The BBC reported last week that Japanese car makers, Toyota and Honda, are yet again pushing back resupplying much needed parts to their other plants and manufacturers across the globe. The Japanese Car Industry faces serious concerns on many fronts ever since the earthquake and subsequent tsunami hit mainland Japan earlier this month. It was the most powerful earthquake the island nation has on record and the world is still trying to come to terms with the scale of this disasters impact. With the death toll now in the thousands and the continuing difficulties with gaining control over the Fukushima Dai-ichi nuclear power plant, its hard to see an end it sight.
It seems silly, with all the other concerns currently facing Japan, to be concerned with the auto industry, but its actually more worrisome than a few parts not getting to where they need to go. According to US employment records, Toyota and Honda employ many people across the globe, and this current situation is likely to have far reaching affects in other markets not confined to Japanese soil. With a world market just beginning to recover after years of economic downturn, analysts are concerned at the long-term affects this will have. This situation is a huge concern for investors and employees.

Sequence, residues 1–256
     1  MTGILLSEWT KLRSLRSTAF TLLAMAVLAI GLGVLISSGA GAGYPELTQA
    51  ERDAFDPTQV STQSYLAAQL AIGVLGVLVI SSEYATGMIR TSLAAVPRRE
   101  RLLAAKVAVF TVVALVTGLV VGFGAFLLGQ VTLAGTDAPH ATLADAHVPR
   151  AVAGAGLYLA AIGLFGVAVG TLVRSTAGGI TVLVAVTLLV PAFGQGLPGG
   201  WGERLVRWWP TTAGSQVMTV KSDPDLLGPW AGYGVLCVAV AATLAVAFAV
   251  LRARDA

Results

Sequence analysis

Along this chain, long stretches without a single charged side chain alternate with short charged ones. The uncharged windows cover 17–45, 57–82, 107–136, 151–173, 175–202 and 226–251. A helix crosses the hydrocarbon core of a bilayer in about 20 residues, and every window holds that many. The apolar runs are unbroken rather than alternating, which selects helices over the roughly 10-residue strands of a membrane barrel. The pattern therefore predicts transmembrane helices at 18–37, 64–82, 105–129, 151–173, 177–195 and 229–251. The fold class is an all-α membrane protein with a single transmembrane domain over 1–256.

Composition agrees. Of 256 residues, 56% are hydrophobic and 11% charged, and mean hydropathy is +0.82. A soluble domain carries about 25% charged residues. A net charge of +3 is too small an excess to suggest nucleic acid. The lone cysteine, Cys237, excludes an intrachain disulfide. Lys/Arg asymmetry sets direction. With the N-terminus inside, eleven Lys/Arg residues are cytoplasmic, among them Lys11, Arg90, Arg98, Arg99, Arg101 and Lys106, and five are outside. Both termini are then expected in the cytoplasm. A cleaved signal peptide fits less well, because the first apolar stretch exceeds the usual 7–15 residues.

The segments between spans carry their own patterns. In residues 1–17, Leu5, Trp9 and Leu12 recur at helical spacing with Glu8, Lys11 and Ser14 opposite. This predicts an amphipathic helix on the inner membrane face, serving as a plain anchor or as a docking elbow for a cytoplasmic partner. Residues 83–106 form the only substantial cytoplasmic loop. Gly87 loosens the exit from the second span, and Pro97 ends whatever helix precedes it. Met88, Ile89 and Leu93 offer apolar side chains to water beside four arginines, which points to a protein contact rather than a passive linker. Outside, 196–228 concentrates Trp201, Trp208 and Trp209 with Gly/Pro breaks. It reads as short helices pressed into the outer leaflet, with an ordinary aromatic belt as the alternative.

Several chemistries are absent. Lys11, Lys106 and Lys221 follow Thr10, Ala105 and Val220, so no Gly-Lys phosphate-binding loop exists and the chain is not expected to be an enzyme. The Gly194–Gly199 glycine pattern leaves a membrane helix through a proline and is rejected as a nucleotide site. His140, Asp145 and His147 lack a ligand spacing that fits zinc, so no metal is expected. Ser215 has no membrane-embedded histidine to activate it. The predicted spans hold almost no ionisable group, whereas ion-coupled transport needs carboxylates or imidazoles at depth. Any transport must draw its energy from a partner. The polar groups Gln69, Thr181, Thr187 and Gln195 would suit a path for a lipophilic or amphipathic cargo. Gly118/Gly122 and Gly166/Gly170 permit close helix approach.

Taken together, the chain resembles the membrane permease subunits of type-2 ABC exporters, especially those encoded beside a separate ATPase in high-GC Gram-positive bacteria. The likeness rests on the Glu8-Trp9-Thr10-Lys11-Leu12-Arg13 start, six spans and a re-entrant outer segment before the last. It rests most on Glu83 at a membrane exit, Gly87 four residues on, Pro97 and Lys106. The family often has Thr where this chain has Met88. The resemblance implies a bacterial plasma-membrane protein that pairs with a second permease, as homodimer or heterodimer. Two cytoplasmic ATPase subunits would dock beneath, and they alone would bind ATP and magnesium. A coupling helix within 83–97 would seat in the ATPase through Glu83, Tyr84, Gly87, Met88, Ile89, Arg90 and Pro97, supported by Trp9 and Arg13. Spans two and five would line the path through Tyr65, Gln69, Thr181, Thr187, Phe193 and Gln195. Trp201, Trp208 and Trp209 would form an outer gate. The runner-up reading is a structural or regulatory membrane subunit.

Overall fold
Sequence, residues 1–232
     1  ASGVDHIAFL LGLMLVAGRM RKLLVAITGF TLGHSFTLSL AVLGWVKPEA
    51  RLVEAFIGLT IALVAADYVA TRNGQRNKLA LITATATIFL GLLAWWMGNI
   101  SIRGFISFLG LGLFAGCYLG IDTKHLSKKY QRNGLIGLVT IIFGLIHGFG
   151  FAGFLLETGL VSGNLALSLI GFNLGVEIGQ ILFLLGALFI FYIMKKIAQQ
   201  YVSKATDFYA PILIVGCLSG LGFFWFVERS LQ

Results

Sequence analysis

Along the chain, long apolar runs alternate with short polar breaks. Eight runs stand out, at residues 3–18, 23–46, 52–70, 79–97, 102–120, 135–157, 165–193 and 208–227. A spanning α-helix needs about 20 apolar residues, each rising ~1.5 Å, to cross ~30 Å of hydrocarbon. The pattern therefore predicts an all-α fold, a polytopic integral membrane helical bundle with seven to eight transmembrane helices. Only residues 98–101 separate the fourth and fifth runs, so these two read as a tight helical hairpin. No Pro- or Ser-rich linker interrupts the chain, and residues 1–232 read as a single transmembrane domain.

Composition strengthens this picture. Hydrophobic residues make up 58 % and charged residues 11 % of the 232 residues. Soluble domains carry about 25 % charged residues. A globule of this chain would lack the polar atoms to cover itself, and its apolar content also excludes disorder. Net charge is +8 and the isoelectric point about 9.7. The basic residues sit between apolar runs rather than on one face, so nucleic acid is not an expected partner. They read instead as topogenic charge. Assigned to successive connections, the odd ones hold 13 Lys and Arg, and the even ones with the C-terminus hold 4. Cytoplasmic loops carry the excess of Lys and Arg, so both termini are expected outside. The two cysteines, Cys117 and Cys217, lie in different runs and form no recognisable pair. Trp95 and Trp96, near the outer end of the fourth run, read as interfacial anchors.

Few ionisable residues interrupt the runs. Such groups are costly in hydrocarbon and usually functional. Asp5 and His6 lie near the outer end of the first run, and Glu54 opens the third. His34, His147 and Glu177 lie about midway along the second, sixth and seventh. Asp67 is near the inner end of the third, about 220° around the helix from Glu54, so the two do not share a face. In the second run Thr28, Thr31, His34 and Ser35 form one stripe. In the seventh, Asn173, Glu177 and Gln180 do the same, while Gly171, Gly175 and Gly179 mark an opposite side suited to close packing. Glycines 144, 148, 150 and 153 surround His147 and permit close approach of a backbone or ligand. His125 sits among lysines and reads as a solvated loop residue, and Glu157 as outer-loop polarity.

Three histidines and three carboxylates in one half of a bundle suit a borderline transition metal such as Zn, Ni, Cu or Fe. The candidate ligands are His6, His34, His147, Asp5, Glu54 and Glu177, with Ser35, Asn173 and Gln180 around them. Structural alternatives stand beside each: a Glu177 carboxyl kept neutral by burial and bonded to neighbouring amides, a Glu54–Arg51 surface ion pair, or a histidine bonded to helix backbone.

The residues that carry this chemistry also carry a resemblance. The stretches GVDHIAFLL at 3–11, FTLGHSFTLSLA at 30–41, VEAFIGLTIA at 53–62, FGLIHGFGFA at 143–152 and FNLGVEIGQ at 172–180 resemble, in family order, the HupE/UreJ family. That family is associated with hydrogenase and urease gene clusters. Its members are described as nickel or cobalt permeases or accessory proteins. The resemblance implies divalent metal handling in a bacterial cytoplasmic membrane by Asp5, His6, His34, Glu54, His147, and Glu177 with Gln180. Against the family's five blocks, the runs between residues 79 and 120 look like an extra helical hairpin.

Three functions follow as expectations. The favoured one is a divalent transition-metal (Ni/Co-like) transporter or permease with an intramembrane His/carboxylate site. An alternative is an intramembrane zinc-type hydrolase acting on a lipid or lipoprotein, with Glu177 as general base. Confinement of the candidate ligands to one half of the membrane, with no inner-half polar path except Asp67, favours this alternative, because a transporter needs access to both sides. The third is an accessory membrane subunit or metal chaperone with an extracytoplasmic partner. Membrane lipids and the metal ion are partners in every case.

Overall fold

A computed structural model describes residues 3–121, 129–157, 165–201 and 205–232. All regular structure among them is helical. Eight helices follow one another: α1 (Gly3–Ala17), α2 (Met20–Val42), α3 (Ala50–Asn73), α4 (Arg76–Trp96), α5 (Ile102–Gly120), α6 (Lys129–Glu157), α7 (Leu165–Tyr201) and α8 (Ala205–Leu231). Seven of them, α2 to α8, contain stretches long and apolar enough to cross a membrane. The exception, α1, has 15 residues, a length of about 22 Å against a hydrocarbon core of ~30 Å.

These companies have practically shut down operations, and it will cost these companies millions a day. Japan is the main supplier of parts for manufacturing plants across the world. Every car is made up of thousand and thousands of parts, and if you don’t have the parts, not only does it affect production but also disrupts repairs, shortage of inventory and supplies, jobs, and the overall global economy. This may be costing the company millions, but its costing the rest of the world much more.
Now these figures pale in comparison to the vast suffering of the Japanese people, and the world is still waiting to see the result of the troubles concerning the Japanese nuclear power plant. After a long economic downturn, citizens of the world are searching for a global upswing. Many people lost their jobs, homes, and cars, and with many citizens needing to contact lenders to apply for title loans, credit, or borrow against their mortgage to stay afloat, the crisis seemed to never end. As events in Japan continue to unfold, the world must remain content to watch, wait, and hope for the best for the economy and for Japan.